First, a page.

I’m slightly disturbed after reading an article about the growing popularity of cosmetic surgery among Nairobi’s upper middle class. The article was full of horror stories of procedures gone awry which was bad enough, but one quote gave me pause. “And the most common procedure among Kenyan men was lip reduction— making lips thinner.” Whaaat? Before I jump to conclusions, how does this compare the most popular surgeries elsewhere?
According to the American Society of Plastic Surgeons, in 2010, the top 5 cosmetic surgeries for women were breast augmentation, nose reshaping, liposuction, eyelid surgery and tummy tucks. This lines up with the top Kenyan procedures according to the article – liposuction and breast reduction. For men in America, the top 5 procedures in 2010 were nose reshaping, eyelid surgery, liposuction, breast reduction in men and hair transplantation. So the popularity of lip reduction seems to be higher here than in other cosmetic surgery markets.
Is this a case of trying to erase ethnic markers? There are a number of plastic surgery procedures that seem to be most popularly chosen for the distinct purpose of removing or reducing features that are characteristic of a particular race or ethnicity. For example, “Ethnic Rhinoplasty” (they actually call it that) for reshaping broad Black noses and long Jewish ones, turning them into narrow idealized European noses. Eyelid surgery is also common for Asians looking to create a “double-eyelid” from the naturally occurring crease-less eyelid or epicanthic fold.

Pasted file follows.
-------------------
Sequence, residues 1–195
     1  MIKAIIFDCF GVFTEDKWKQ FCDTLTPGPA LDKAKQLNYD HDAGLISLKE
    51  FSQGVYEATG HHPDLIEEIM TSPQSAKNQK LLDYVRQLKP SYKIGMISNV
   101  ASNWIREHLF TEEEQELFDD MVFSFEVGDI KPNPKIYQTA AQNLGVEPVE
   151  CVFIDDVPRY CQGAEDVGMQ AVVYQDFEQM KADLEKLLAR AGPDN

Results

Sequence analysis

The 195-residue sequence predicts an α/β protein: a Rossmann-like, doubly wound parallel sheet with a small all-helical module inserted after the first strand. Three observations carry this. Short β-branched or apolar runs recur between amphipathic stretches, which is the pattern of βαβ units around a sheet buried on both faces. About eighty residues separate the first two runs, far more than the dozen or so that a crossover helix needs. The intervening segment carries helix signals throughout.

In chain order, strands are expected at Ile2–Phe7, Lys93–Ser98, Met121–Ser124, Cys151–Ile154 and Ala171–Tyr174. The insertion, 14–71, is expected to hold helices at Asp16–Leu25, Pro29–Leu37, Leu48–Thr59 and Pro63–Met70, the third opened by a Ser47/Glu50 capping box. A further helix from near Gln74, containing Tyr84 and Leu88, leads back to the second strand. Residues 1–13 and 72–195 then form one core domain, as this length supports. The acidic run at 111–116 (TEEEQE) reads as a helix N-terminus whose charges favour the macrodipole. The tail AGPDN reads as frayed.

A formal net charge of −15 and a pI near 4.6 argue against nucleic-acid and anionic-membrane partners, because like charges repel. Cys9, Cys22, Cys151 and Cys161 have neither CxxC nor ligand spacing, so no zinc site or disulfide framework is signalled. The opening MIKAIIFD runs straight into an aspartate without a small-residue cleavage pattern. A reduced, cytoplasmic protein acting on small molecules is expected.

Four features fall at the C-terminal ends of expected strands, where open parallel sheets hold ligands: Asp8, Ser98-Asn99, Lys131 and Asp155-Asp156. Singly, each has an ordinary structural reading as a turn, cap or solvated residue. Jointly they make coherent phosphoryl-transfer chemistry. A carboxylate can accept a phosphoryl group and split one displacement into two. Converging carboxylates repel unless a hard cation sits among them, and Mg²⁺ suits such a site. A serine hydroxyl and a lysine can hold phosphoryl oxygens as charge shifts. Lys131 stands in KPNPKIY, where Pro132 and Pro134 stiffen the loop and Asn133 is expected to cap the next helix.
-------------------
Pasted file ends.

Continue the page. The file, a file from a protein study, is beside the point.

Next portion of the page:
Is it ever okay to change physical appearance markers that are signifiers of your race? What does such a change signify – does it necessarily mean that these people would shed all racial characteristics if they could? Most plastic surgery info websites that discuss lip reduction surgery claim that full lips can hinder talking, eating and even dental hygiene. Can any big-lipped brethren testify? Do you believe that these are legitimate reasons for the popularity of this procedure in Kenya?
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Maria is ever hopeful, and trying to attain furaha at furahaproject.blogspot.com